Bible reading progress

iu I got a bit distracted in March but I have been reading and making notes, so let’s get back to the Bible.

Hebrews 2 has that phrase “it says somewhere”. Of course, Psalm 8 hadn’t been numbered as a chapter yet.

Reading plan had me in Psalm 39 and Hebrews 12 at the same time. Both are valid perspectives on discipline.

Leviticus – notice many times the blood and maybe fat portions of the animal are in the tabernacle but the rest of the animal is burned outside the camp. Of course, Jesus was crucified outside the camp, in order to open the temple – Hebrews 13 comments on this. As all of Hebrews stresses, God was replacing the old system with the new system.

Matthew 2 – In bringing Jesus out of Egypt, Joseph is aware enough to have concerns. I imagine some serious prayer for guidance and reassurance led to that dream with instructions on where to take him.

Matthew 4 and the wilderness – Know your Scripture and know your God. Much easier to trust when you know the person you are trusting. But it does take trust and believing God. Even Satan knows the Scriptures.

One of my notes from this chapter says if God is leading us by a path where there is no bread then He will sustain me without bread.

I also have a quote from Journey to the Cross Lenten Readings:

Our wilderness is not literal, but it is very real. We are tempted – perhaps even determined – to sustain ourselves, to escape our vulnerability, and to chase our aspirations without thought of others.

Matthew 5 – the Sermon on the Mount. What a great reminder that I never keep the law perfectly. Even if I do good, my motivation is shaky, and/or my thoughts about telling what I did or not lead me into sin.

This fit in well with our study of Romans this month where Paul says the law showed him his sin in Romans 7:7. He mentions sin used this command to arouse all kinds of covetous desires within him, Romans 7:8. Coveting is the one command where you can’t ignore the internal thoughts and feelings. As Christ countered in the Sermon on the Mount, the other commands could be and had been reduced to external actions. But the Ten Commandments are about so much more than just actions. Christ shows, and Paul is convicted by the inward attitudes and heart issues, it is about being discontent with what God has given you.

Exodus 4 has an interesting story that most of us probably skip over in confusion. But this great article from the Gospel Coalition shows some people wrestle with these kinds of Scriptures and what some of the options are for interpretation. We have gone a long way from the allegory option, but sometimes it’s a good choice.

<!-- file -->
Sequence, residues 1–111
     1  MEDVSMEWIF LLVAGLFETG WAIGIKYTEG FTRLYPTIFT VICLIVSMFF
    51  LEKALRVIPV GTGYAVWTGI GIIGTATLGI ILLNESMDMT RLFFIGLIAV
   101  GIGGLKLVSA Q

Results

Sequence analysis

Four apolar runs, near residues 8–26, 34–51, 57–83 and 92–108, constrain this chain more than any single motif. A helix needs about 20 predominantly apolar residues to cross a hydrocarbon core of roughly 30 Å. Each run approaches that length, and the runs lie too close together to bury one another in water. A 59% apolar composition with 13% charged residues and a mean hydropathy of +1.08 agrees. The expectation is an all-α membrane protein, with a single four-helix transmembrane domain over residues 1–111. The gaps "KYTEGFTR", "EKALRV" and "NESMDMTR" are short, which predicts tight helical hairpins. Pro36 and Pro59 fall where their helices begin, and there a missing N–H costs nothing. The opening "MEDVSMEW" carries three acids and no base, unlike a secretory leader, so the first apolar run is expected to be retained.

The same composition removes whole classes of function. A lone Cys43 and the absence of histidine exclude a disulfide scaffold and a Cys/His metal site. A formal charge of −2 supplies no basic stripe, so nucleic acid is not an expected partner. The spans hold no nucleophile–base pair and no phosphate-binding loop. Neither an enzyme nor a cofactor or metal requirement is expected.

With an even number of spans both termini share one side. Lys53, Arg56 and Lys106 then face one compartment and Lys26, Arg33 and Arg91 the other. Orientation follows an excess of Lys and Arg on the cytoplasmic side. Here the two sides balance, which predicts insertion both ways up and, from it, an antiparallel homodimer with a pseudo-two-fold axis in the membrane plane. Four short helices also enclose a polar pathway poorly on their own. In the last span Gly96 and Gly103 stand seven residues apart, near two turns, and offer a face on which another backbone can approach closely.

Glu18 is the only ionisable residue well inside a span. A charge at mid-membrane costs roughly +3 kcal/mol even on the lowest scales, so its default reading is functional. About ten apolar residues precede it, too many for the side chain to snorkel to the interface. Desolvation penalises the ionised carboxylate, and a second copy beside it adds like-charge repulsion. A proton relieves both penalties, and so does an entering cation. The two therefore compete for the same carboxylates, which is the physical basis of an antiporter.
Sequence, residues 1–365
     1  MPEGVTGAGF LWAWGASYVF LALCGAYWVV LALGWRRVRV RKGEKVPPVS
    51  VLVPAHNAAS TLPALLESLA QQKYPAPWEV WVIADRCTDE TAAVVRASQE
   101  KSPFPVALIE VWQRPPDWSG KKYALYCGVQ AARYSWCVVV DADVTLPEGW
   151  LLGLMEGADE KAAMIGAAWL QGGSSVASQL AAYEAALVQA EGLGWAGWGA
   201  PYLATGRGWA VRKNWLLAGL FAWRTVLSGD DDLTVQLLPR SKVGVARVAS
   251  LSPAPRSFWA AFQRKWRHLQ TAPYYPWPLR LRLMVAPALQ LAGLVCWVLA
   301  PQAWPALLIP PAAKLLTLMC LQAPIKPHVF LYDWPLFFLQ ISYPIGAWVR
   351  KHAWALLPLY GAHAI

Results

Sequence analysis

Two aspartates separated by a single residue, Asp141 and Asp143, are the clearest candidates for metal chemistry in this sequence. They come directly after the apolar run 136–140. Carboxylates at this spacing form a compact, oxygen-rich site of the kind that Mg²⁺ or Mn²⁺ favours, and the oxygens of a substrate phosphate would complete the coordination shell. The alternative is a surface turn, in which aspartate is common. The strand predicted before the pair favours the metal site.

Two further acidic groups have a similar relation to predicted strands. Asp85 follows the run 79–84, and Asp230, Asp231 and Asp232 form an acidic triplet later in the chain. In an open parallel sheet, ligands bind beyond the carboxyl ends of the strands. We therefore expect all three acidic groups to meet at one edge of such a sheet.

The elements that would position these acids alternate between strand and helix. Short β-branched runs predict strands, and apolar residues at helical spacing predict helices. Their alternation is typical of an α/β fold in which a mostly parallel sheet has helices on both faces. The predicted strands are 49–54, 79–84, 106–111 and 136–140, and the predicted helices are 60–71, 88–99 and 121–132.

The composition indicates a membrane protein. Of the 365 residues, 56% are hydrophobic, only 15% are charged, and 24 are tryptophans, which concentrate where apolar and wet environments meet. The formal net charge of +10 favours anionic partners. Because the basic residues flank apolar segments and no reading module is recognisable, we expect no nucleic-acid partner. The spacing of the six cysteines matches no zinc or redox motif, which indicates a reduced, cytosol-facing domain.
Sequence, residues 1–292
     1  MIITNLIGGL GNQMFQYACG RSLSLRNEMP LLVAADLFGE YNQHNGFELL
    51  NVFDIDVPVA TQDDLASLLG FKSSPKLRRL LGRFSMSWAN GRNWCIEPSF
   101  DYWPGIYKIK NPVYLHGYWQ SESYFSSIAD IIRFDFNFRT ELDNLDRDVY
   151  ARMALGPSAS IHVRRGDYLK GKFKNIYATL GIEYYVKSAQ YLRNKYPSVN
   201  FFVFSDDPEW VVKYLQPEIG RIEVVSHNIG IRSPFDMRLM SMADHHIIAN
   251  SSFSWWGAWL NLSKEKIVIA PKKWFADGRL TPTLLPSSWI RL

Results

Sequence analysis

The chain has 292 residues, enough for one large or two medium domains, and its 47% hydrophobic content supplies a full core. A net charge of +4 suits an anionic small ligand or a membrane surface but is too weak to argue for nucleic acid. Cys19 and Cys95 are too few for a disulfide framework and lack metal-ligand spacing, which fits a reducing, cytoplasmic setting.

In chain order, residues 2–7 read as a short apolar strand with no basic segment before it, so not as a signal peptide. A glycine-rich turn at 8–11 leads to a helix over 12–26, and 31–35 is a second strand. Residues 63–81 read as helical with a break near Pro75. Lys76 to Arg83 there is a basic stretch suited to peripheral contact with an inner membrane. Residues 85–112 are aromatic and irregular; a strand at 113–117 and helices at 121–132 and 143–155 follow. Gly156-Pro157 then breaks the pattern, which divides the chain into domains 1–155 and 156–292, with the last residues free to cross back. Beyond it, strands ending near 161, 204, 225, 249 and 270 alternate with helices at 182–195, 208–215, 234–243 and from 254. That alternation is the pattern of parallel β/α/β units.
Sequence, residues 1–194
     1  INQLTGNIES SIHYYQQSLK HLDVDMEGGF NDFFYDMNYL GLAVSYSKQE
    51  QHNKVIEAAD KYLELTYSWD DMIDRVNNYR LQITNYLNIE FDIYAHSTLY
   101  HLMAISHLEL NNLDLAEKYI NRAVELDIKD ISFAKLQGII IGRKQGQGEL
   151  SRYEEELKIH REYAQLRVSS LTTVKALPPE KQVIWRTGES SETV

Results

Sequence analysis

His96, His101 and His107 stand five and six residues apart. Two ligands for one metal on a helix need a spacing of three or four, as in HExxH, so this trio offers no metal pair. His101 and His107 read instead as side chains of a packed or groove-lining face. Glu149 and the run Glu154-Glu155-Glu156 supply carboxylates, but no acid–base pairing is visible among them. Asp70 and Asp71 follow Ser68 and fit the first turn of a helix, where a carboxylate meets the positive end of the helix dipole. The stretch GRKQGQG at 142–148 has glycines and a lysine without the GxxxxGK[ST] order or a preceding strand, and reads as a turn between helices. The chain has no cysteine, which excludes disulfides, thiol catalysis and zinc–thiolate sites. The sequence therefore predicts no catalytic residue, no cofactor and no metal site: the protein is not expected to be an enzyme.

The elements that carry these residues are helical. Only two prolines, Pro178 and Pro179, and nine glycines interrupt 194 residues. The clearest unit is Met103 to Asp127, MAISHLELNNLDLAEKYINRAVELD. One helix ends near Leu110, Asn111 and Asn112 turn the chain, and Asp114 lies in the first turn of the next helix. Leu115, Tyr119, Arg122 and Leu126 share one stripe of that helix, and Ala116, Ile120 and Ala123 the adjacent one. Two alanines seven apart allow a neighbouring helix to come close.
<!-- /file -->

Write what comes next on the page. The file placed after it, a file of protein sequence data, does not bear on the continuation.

Exodus 6:20 – the translation I was reading today says father’s sister (that would be an aunt). The septuagint says cousin per a note in my Bible. I have a few different commentaries and most of them didn’t even mention this, but the Reformation Study Bible points out this may be an argument for the authenticity of the lineage, since a white-wash job would have avoided revealing a relationship that was later forbidden by the law.

Exodus 10 – the Ten Commandments – back to the Sermon on the Mount and Romans 7.

Exodus 32 is where the people give their gold to Aaron who throws it in the fire, and lo and behold, out popped this calf to worship. 🙂 Aaron tries hard to not take responsibility, doesn’t he. What struck me today was that the prior several chapters were God describing to Moses how the people could contribute and participate in building His tabernacle. A place of great beauty and to be filled with His holiness. But who has time to wait for detailed instructions and then more time to spend collecting materials and carving or sewing or weaving or engraving. So much easier to throw money at the problem and go with whatever pops out of that. God requires more from us, but He gives so much more to us.

While in Florida, my cousin Kate sent me a text

Hey, you. How are things? Whatcha reading?

It was like she was watching me, because I was indeed reading the moment her text came. So I snagged a photo and replied.


I am enjoying this book. It is part history (but so well explained) and part theological study (but not heavy) and part devotional (and oh so sweet to the soul). I have been convicted, encouraged, and educate by this book. It’s my idea of a fun read.

I hope you are finding as much joy and fulfillment in your Bible reading as I am. Remember, the link to the reading plan I’m using this year is to the right. But any plan will do or no plan at all, just take up and read!

This entry was posted in Bible reading. Bookmark the permalink.